Don't just stand there - Pass me the rubber ducky. It's bath time!😁
LOL - I never imagined that birds, bee-eaters to be specific, to be so fussy about hygiene! I thought they rolled around in the dust for a 'dust bath' and called it a day.
I, therefore, prided myself to be the better one - because I usually have a shower or a bath every day.
My superiority complex over bee-eaters was shattered one day when I found these bathing beauties !
Seeing them is one matter but capturing them on camera was a VERY VERY difficult task.
I was out near a large reservoir one day when I noticed a number of blue-cheeked bee-eaters sitting around on wires. These birds always seem to me like a 'happy-go-lucky' lot who sit around on wires, suddenly take off to do intense maneuvers in air to catch a flying bug and then continue to sit around again.. Seems they do not have any other agenda or a care in the world.
Since catching them sitting on the wire wasn't much of a challenge, I decided to try and get a shot of one of them flying.
Whew - what an ordeal that was. Imagine you are Maverick of Top-Gun trying to locate the enemy Mig-29 in a dog-fight as they whoosh around you in high G maneuvers! Getting my camera to track with these birds as they flew was as difficult as that!
Hundreds of clicks and wasted attempts later, I finally managed to get one of them in a beautiful flight shot! This shot looks great but remember, it had 99 other shots behind it with cut wings, blurred bird, blank frames etc. etc. Talk about shutter count - Thank god I was not shooting a film role like the earlier SLRs. Otherwise I would have gone bankrupt with the cost of film rolls!
"Ahhhh - what a click. I am done for the day" thought I. Thinking about hot tea at home already, I started turning away. That is when I heard a 'SPLASH'!
Turning around, I saw these bee-eaters systematically taking turns to take a dip in the water below!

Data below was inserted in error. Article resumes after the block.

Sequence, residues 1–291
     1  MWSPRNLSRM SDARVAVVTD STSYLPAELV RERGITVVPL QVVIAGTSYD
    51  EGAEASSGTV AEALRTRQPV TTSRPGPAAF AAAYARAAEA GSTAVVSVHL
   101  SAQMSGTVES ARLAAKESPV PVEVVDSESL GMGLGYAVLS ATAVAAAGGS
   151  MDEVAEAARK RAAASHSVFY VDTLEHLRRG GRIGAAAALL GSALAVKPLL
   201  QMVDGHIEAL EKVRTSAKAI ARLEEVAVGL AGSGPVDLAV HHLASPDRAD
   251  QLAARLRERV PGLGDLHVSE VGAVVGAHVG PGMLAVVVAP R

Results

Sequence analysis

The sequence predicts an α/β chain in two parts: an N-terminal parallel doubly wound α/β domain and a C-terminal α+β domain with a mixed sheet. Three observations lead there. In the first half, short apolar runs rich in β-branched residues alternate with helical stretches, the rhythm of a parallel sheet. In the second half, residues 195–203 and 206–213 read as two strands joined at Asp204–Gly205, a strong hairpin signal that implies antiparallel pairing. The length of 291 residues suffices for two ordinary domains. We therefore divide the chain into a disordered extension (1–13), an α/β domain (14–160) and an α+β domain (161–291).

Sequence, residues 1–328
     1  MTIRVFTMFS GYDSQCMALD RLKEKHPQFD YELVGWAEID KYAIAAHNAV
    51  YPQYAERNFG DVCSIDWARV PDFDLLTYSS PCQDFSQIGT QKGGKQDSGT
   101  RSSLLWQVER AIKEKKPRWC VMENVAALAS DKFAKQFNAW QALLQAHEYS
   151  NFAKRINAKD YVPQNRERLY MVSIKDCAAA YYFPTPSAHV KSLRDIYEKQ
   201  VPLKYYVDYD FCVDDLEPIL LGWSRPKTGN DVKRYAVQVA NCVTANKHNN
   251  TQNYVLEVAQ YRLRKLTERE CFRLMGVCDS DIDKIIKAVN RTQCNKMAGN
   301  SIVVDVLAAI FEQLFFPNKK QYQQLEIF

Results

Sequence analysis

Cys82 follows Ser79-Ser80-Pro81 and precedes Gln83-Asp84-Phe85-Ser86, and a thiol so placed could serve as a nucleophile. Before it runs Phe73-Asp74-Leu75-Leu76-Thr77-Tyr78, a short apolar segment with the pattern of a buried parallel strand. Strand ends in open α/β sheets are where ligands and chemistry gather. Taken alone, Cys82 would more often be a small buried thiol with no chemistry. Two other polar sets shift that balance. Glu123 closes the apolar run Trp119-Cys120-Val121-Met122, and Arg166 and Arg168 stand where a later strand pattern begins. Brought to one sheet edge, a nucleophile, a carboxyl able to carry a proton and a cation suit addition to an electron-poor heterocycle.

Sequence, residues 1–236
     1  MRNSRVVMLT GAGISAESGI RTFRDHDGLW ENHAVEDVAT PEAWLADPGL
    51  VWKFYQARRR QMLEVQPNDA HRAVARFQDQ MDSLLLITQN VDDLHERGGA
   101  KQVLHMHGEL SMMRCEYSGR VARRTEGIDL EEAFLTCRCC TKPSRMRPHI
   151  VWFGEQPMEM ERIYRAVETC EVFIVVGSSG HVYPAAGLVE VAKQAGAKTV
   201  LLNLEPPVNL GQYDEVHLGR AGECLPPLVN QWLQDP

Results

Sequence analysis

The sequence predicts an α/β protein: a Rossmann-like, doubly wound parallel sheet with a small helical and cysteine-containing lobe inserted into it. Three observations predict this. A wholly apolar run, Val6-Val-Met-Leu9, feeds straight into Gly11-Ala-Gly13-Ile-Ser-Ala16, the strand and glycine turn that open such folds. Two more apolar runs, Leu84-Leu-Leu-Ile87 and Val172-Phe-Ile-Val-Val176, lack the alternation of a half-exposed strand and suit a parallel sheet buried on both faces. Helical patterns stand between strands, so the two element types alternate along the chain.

I got my camera ready and tried exactly 273 times to get a shot of them splashing in water!
Success rate? Well an abysmal 2% as I managed to get only 3-4 shots of them diving and splashing out.
However, it was worth it since I managed to capture this rare sighting of bee-eaters taking a dip on camera.
The way these birds dive is spectacular. They swoop down first but they do not approach the water in a straight trajectory. They fly in some really weird, unpredictable and abrupt turns before they suddenly dive head first in an INVERTED dive into water. I just could not believe my eyes and tried my best to capture the moment of dive. It was nearly impossible due to the uncertainty of dive location in the pond and the focus tracking not being quick enough on my zoom lens (a PRIME lens would have been better). However, I managed to get this one shot of the bird diving just as it's head entered water.
Crazy - right?
The real spectacle is when the bird emerges out of water - wings flapping and shaking off. There is a lot of splashing water and some beautiful droplets that catch the sun. Due to the splash and water droplets, it is very difficult to get focus but I manage to get this one shot ...
Then, as the bird rises out of the water, there are more pretty droplets flying around plus there are trails of water from the birds tails and wings...
Sometimes the bird shakes itself vigorously just after it emerges from water and we get this crazy view of wings, droplets and feathers in all kinds of contortions-
I was lucky to get just one shot with the bird looking at me as it shook itself....
Though it was physically taxing to keep tracking the birds as they twisted, turned and plunged into water, I believe the images were worth all the trouble and pain.
It takes not only skill but also the correct equipment with fast shutter speed capable camera, tripod/monopod etc. and an intimate knowledge of the settings and control etc.
I used following settings on my D500 Nikon + 200-500 Nikkor lens
- Support: Handheld (impossible to track the fast and abrupt movement with tripod)
- Shutter : 1/2000s Most important
- Aperture: 7.1 (for more depth of field than my usual 5.6)
- ISO:800 Higher ISO for higher shutter speed
It took more than 400 shots total for capturing these few images
What do you think ? Do you think it was worth it? Have you attempted or would you attempt anything like this in photography? If so, please share your experience in comments.
Please comment freely and let me know your opinion. I will try to bring many different types of wildlife photos/macro/Astro posts to the community. Feedback and comments are welcome,. I am still learning many techniques and always value feedback from experts in this community.
Have a nice day everyone. Cheers!